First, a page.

The strongest proponent of President Trump’s just-announced tariff on Canadian lumber imports is the U.S. lumber industry, its biggest critic may be members of the National Association of Home Builders (NAHB) who claim that the price increase will impact new-home buyers most.
While the tariff specifically targets lumber imports – an average 20% tariff cost increase that varies by Canadian company – the issue is more complicated than builders versus the lumber industry. However, NAHB believes no company will be impacted more than builders, and no U.S. citizens will be hurt more than new-home buyers.
“NAHB respectfully disagrees with comments made by U.S. Commerce Secretary Ross that the tariffs on Canadian lumber imports into the U.S. will have little effect on the cost of housing,” said Granger MacDonald, chairman of NAHB, in a statement. “While Ross cannot cite specific consequences regarding this punitive tariff, we can: If the 20 percent lumber duty remains in effect throughout 2017, NAHB estimates this will result in the loss of nearly $500 million in wages and salaries for U.S. workers, $350 million in taxes and other revenue for the governments in the U.S. and more than 8,200 full-time U.S. jobs.”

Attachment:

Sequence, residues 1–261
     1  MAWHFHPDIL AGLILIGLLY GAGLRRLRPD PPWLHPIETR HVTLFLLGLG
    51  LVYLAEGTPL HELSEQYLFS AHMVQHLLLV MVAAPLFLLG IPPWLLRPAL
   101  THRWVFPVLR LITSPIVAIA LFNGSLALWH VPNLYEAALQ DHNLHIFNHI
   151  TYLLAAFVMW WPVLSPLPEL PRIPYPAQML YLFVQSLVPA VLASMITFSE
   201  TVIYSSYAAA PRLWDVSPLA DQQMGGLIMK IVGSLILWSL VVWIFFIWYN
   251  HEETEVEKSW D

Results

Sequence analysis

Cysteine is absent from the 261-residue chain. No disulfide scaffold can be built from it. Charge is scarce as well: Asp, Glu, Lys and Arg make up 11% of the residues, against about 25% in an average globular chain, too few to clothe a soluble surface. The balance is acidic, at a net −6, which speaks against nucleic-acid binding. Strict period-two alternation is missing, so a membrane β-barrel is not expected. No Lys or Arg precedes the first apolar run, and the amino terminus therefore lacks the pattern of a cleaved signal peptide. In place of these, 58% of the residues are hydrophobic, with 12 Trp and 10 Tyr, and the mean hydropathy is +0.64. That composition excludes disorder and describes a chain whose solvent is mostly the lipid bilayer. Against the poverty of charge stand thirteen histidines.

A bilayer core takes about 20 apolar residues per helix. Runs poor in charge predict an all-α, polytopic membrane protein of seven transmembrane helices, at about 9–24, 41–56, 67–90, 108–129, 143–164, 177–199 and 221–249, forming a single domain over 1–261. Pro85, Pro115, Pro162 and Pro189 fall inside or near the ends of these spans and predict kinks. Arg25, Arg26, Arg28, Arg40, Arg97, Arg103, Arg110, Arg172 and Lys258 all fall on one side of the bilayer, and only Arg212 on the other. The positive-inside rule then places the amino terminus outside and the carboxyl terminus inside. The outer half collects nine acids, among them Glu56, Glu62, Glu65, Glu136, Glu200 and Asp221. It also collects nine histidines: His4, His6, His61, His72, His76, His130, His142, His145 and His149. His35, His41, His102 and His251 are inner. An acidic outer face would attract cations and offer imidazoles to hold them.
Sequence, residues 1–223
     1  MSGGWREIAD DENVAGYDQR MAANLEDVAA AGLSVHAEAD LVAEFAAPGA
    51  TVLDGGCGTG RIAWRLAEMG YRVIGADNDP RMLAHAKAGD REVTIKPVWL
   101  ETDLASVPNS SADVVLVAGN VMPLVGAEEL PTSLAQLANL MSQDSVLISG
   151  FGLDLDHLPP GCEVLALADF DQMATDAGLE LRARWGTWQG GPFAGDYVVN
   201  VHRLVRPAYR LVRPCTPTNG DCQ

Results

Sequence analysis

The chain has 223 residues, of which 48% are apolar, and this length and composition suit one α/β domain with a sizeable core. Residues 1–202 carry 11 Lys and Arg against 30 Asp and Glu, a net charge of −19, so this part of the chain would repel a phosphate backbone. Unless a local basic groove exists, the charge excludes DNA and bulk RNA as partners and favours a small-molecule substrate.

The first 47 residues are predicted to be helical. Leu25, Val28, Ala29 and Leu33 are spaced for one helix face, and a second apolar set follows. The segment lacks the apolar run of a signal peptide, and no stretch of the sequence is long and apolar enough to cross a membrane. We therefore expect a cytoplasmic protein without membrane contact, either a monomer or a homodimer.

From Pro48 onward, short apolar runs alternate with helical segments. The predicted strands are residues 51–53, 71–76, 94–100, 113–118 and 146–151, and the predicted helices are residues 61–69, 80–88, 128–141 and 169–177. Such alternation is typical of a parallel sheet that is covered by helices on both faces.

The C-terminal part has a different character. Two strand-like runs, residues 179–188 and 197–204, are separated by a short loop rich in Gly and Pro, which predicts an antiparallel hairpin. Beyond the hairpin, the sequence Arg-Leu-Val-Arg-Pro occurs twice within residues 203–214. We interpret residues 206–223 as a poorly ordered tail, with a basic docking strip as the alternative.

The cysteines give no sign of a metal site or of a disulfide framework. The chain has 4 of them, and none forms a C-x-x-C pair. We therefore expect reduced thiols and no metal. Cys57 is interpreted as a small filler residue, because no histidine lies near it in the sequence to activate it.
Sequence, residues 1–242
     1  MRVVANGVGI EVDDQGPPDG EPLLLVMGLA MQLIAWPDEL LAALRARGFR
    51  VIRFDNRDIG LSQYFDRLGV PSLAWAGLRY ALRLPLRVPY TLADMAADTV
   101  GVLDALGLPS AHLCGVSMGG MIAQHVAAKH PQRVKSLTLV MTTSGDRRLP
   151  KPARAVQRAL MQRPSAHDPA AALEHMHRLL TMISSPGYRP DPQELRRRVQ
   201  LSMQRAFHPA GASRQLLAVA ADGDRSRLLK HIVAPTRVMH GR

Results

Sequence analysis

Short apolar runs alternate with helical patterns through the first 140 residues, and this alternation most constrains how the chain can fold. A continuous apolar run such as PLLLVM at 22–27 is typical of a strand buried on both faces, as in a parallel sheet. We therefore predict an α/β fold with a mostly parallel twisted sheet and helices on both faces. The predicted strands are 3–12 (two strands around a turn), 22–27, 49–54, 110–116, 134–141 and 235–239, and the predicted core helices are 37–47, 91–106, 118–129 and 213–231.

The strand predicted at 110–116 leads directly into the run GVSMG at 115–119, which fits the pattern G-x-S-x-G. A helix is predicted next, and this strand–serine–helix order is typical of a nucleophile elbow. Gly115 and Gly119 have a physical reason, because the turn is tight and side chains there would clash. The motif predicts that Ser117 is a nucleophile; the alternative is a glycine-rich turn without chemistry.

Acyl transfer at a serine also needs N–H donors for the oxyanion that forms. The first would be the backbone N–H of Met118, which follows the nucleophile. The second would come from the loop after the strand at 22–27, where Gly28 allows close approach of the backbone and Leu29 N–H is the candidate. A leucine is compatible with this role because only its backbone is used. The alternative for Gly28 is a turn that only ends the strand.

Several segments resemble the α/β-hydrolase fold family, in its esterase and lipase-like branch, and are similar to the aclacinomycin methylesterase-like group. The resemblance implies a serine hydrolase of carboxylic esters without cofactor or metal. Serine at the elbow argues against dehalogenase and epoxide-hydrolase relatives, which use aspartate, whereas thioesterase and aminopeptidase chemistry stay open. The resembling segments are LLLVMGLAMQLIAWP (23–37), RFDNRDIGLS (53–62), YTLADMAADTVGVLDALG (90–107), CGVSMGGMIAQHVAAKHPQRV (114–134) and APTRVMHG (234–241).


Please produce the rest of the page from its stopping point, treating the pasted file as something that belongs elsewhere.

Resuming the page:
MacDonald says that lumber prices have already jumped 22 percent since the beginning of the year, largely in anticipation of new tariffs, and that it will add nearly $3,600 to the price of a new single-family home.
The lumber industry, however, supports the tariff, focusing on an allegation that Canada subsidizes its lumber producers. The issue is complicated, however, by a U.S. lumber industry that relies largely on private forests compared to many Canadian companies that pay a government royalty for culling wood from Canadian-owned forests.
“What we’ve desired all this time is a level playing field, and news like this gives us confidence,” says Jason Brochu, co-president of Pleasant River Lumber in Maine.
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